I decided to quit academia for a few reasons. First, because it wasn't very collaborative. Also, I wanted to make more of an immediate impact, which isn’t possible in academia, where your work is only seen by your professors and just a few people who are interested in it. After I left academia, I decided to do some freelance writing and realized all of the “serious” writers had their own portfolios. I discovered data visualization could be a job while learning tools to develop my own portfolio ↓ .
How did you get started in dataviz? My transition to data visualization was a natural progression since I already had a research background in scientific and linguistic data collection. Despite my short intro to dataviz earlier while studying linguistics, I didn’t realize you could actually get paid to do dataviz until a few years later when I was creating an online portfolio for my writing. Since I didn’t have the coding or design chops needed to create my own, or the money to use a paid service, I started learning basic CSS/HTML and taking a UX class. As part of that class, there was a 20-minute module on data visualization.
It sounds cheesy, but that was the moment when I knew it was my calling. After that, my goal was to make interactive data visualization. I took a coding boot camp with Codeworks to remedy my rudimentary coding skills, and later some design courses so that if anything, I could align and choose fonts properly.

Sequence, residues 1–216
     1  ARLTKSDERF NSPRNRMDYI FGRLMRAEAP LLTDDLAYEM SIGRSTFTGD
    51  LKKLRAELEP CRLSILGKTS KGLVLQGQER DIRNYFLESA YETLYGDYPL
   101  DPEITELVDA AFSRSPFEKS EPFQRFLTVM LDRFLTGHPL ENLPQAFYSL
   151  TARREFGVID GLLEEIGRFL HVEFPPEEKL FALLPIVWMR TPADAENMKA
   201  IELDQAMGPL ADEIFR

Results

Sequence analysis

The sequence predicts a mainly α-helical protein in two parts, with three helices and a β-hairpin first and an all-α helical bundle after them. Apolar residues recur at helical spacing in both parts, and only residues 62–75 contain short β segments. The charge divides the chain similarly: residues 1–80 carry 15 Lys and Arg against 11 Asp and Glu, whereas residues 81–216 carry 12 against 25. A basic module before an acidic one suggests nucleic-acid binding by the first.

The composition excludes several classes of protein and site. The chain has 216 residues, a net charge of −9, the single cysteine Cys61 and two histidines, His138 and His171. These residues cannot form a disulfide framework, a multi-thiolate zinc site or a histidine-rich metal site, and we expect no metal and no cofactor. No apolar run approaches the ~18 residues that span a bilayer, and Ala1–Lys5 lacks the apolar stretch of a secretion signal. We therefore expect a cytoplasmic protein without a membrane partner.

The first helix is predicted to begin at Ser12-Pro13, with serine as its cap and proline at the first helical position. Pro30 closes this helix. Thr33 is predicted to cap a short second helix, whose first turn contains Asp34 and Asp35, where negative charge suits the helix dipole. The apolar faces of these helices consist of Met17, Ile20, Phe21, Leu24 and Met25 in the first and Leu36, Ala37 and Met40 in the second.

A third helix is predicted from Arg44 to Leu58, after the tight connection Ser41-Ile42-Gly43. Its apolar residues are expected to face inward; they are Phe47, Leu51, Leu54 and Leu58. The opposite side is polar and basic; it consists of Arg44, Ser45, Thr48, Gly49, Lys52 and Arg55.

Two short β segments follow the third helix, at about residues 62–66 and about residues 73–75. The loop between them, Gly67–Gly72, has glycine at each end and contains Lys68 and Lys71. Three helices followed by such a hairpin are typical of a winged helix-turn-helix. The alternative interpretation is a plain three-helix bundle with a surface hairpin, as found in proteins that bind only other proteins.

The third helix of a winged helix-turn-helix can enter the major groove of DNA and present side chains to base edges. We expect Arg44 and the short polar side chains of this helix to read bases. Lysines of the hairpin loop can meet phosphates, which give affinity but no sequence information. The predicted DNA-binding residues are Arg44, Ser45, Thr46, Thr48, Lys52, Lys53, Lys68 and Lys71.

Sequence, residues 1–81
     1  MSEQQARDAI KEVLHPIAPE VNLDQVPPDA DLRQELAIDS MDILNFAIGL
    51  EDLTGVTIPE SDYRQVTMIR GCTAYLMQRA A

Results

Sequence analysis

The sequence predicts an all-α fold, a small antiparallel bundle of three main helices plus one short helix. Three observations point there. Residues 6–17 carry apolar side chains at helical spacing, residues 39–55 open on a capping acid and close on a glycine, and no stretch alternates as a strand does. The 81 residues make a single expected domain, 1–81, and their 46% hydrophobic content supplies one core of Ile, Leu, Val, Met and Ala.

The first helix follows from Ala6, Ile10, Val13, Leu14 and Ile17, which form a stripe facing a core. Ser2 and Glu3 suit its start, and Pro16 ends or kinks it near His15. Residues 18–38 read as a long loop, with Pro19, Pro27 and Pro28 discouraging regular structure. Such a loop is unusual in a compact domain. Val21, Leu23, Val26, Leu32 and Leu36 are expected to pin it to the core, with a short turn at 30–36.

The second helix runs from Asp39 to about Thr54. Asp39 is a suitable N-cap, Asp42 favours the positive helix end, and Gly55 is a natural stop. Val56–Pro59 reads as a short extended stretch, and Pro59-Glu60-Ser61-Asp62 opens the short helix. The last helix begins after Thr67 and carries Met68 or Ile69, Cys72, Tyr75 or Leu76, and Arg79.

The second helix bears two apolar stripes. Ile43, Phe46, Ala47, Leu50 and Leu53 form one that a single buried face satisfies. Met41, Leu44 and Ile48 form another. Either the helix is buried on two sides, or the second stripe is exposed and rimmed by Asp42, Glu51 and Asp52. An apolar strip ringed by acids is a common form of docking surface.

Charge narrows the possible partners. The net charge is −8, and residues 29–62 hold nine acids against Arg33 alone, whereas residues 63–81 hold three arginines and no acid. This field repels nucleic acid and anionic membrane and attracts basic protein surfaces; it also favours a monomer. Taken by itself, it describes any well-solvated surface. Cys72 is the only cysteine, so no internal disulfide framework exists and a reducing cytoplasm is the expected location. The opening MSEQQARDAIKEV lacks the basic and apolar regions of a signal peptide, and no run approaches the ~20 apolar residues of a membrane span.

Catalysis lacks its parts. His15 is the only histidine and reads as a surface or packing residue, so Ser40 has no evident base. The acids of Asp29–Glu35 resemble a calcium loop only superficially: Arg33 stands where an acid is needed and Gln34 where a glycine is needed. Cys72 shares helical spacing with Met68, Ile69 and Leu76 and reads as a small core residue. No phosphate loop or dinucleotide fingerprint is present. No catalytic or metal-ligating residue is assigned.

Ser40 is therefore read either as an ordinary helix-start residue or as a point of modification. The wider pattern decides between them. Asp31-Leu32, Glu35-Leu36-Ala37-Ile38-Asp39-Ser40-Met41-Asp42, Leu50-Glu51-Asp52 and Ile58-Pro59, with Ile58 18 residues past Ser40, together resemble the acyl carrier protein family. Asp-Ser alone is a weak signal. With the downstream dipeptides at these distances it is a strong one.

Dataviz was essentially everything I wanted to get out of academia but didn't: research, creativity, design, a collaborative, supportive environment, a more immediate impact, and remote working (I have a say in where I want to live!).
What about your data? Where do you find it and what kind of data are you working with? I started working with and collecting data in academic research, as I mentioned early. I prefer collecting the data myself as it fosters more intimacy with the data - I believe this is crucial in honestly representing and fundamentally understanding it. Then there’s the creativity in deciding, whether for good or for bad, what data you're going to collect, how to collect it, and describe it. Sure, there’s an aspect that feels powerful, but it’s also humbling since I am forced to grapple with the imperfections and human qualities of the data.